In the world of business, we’re going through a very interesting transition. 50 years ago, you could go to work for a company and, you had to be competent. The thing is, you could go decades without the business changing too much. That meant many employees wouldn’t need to learn too many new skills. But in the last few decades, there has been a giant leap forwards not just in the technology used by businesses, but in the need for employees to adjust to a changing environment. In the world of fleet management services, we’re part of that change, but we want the change to be positive.

However, we know that change can sometimes be partnered with uncertainty. Most people have an understanding of GPS systems, but there can be a degree of uncertainty when it comes to introducing new technology into the inner workings of a company. It’s completely understandable, which is why a smart management team embraces the change with positivity. Yesterday, we shared a few tips for helping your employees smoothly transition into utilizing GPS with the fleet, and today we’d like to share a few more.

  • The majority of your drivers will intuitively understand that fleet safety matters, and that management wants to make their job safer. An unsafe driver doesn’t just run the risk of harming themselves, someone else, or damaging a vehicle. Their actions can also drive up insurance premiums, which can cost the company more and reduce the amount of available funds that could be used for incentives or raises. Safe driving isn’t just the right thing to do, it’s also the economically sensible thing to do.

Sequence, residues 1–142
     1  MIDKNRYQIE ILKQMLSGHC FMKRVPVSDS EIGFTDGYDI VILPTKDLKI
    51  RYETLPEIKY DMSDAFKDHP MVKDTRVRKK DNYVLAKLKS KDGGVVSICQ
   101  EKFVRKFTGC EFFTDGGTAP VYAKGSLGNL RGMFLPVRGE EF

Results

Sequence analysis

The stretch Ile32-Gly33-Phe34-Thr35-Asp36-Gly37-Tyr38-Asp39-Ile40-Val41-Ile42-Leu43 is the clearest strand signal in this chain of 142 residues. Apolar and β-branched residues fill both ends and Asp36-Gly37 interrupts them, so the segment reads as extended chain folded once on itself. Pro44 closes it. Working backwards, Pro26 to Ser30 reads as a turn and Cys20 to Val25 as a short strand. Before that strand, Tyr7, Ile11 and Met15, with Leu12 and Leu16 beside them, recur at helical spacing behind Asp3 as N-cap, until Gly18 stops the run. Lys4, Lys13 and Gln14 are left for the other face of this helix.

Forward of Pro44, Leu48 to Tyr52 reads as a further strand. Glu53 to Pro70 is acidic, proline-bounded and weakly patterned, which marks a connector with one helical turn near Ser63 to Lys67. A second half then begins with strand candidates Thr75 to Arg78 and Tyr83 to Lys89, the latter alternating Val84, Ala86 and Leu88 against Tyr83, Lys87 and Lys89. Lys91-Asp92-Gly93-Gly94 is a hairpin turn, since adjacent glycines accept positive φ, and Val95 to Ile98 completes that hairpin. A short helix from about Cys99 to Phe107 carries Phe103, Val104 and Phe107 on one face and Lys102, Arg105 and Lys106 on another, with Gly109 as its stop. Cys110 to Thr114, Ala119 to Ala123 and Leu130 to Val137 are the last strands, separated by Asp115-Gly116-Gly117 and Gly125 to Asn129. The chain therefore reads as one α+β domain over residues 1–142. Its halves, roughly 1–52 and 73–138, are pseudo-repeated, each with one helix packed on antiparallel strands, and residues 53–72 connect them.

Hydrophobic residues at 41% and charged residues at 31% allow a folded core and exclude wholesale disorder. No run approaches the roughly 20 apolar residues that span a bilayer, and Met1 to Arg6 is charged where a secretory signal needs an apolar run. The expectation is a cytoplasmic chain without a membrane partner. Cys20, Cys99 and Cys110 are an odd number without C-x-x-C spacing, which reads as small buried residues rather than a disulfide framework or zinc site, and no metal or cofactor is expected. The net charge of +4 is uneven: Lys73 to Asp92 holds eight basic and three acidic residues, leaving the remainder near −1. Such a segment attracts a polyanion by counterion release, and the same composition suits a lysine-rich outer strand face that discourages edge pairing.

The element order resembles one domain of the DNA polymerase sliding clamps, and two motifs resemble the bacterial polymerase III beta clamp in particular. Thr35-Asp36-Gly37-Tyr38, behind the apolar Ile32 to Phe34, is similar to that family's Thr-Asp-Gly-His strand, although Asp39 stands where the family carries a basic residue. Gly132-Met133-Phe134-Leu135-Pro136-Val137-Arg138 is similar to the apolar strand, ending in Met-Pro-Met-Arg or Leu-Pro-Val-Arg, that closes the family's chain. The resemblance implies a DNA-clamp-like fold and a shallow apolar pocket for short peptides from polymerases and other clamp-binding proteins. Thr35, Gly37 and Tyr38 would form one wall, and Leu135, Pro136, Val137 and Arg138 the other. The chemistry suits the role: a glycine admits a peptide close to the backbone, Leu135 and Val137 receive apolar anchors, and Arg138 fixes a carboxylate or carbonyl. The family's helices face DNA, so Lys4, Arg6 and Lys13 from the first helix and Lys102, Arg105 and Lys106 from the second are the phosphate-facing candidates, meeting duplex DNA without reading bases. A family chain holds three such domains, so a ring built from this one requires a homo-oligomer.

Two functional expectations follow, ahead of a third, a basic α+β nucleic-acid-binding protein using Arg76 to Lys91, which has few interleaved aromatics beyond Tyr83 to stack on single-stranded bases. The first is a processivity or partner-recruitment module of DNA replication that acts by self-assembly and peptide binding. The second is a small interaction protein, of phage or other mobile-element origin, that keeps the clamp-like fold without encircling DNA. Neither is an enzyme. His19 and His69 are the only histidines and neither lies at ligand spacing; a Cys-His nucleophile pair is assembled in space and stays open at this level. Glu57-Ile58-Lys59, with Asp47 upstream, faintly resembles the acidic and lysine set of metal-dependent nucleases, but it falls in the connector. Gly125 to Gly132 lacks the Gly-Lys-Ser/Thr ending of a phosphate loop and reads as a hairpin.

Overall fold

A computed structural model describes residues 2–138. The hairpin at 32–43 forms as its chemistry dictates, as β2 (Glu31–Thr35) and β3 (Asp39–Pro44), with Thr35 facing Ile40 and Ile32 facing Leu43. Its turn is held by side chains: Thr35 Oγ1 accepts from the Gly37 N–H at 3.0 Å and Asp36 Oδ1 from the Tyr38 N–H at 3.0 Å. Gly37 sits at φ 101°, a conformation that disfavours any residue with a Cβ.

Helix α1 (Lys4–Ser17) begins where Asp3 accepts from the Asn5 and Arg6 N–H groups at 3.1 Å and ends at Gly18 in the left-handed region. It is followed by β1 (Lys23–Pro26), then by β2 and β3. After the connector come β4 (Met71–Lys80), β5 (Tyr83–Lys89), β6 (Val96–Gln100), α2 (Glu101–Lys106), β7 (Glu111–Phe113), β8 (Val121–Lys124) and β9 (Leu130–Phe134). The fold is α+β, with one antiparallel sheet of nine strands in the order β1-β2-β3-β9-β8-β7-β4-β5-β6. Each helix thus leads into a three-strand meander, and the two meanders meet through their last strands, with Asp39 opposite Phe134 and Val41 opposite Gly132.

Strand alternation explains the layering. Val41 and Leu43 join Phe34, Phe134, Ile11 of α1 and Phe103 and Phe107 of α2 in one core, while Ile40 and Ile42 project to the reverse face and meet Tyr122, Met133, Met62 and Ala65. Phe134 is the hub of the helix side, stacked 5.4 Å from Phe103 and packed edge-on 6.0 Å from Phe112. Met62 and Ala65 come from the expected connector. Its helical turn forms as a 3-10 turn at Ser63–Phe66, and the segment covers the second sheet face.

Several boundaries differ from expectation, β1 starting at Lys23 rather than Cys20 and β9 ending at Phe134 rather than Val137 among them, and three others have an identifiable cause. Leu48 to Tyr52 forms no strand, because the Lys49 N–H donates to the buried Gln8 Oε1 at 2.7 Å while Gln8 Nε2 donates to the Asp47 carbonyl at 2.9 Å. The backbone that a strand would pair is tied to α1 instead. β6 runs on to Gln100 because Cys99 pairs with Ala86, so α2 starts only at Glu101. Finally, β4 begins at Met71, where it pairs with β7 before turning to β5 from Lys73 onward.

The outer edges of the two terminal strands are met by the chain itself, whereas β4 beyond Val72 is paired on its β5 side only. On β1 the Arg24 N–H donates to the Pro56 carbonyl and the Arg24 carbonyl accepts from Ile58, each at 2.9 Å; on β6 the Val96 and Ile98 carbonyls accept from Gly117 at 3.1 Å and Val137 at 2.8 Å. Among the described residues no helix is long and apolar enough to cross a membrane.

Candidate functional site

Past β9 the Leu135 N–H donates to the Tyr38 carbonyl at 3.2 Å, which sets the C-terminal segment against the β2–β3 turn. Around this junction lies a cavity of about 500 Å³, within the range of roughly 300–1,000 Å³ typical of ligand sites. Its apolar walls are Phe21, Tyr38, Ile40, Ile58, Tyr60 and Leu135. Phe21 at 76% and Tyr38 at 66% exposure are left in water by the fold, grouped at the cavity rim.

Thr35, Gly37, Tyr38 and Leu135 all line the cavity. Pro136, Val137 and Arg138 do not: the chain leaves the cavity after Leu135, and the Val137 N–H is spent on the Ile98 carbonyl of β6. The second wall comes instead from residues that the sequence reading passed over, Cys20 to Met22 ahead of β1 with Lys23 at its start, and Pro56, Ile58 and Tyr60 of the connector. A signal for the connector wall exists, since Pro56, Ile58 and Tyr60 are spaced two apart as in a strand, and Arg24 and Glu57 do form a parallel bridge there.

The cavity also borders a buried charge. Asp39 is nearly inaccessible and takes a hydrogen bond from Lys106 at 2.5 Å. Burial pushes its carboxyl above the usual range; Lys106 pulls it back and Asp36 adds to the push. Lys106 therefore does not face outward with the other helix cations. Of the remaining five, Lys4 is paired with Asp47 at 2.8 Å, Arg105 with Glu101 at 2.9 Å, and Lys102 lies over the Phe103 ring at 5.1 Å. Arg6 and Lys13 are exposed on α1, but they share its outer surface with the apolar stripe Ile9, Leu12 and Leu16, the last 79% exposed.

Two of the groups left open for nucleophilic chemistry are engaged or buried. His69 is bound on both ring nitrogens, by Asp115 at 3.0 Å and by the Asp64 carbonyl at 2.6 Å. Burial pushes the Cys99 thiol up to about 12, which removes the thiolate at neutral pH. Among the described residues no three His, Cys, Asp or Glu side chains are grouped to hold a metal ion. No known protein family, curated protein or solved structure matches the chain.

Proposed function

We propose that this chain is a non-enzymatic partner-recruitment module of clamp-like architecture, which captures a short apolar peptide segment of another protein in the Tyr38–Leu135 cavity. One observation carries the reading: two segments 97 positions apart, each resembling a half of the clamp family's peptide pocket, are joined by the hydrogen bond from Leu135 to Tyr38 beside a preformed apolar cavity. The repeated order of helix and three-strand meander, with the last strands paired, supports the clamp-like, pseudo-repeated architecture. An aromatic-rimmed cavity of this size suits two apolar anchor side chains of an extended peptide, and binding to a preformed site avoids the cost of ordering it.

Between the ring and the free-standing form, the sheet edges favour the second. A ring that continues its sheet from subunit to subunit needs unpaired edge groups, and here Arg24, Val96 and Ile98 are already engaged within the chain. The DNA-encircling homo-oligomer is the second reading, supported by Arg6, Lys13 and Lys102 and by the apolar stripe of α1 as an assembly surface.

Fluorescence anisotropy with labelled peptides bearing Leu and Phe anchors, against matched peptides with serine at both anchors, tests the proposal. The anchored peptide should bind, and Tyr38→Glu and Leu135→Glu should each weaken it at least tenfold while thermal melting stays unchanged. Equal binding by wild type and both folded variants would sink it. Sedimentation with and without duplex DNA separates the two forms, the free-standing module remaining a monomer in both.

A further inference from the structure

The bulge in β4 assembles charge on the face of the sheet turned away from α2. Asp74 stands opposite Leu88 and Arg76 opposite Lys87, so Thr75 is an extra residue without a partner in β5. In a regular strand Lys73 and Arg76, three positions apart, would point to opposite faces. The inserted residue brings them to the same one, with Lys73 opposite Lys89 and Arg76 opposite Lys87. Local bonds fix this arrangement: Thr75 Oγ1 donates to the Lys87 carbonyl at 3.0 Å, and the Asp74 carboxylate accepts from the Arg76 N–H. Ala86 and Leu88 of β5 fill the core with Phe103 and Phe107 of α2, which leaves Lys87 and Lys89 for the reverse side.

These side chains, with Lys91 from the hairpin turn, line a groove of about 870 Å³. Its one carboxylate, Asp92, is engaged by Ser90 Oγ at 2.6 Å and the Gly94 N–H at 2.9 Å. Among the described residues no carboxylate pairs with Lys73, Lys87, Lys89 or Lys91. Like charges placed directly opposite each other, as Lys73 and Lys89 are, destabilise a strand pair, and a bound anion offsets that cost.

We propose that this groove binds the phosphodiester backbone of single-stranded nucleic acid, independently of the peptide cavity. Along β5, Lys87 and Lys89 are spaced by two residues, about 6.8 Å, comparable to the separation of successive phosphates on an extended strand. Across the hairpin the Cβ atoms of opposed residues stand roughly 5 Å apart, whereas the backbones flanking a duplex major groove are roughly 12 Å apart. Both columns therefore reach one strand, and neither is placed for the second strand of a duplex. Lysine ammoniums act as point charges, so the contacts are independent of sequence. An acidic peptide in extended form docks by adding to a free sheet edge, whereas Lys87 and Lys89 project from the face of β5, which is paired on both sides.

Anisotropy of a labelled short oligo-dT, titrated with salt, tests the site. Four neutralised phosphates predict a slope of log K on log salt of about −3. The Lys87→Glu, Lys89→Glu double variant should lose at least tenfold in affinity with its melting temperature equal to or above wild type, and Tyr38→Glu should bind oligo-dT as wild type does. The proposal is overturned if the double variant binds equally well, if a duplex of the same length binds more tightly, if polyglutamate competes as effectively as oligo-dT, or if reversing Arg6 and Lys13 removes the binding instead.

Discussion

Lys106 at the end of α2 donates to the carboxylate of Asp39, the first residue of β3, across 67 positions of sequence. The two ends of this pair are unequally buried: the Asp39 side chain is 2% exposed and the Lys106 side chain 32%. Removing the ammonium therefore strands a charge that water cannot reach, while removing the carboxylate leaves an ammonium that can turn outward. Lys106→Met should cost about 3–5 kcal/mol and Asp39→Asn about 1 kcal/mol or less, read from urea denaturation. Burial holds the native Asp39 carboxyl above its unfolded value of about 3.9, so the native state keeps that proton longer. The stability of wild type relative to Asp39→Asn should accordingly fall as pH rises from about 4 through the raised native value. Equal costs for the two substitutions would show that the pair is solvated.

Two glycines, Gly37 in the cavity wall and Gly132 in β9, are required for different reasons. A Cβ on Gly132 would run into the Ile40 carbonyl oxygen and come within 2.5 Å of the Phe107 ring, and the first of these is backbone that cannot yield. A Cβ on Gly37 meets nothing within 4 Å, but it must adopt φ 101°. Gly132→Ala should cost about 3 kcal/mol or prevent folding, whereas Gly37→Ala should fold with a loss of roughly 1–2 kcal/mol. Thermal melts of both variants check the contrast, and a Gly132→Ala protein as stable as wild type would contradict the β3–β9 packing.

• One of the best ways to reduce employee anxiety over change is to give them some degree of control. Don’t just make an announcement early about the shift to GPS. Ask for their suggestions and be willing to make adjustments to your implementation plan. You might have good ideas, but the people who will use the tech for multiple hours on a daily basis have a unique insight. Don’t forget to use it.
  • Speaking of announcements, there’s no need to hide the fact that making a shift to a GPS system is good for the company. There will be benefits, such as decreased costs and increased profits. Be up front about those facts. You can also mention that a company that’s more profitable will also have more growth opportunities and more long-term stability.
  • Your staff is comprised of individuals, and not everyone will be happy about this change. While reliable drivers won’t have anything to worry about if their performance is closely scrutinized, those with performance issues won’t be too thrilled. That’s okay, and a smart move is to give them the opportunity to change. Be specific on how staff can improve. This gives drivers that underperform a clear path for improvement, and it let’s your reliable employees know that they won’t have to work harder to compensate for others.
  • Finally, be positive. We know that your job is to look at the big picture. But try to see the change from the perspective of your staff. If you can emphasize that this change will make their work day easier and illustrate the long term benefits, you’ll find that most people will ultimately become enthusiastic.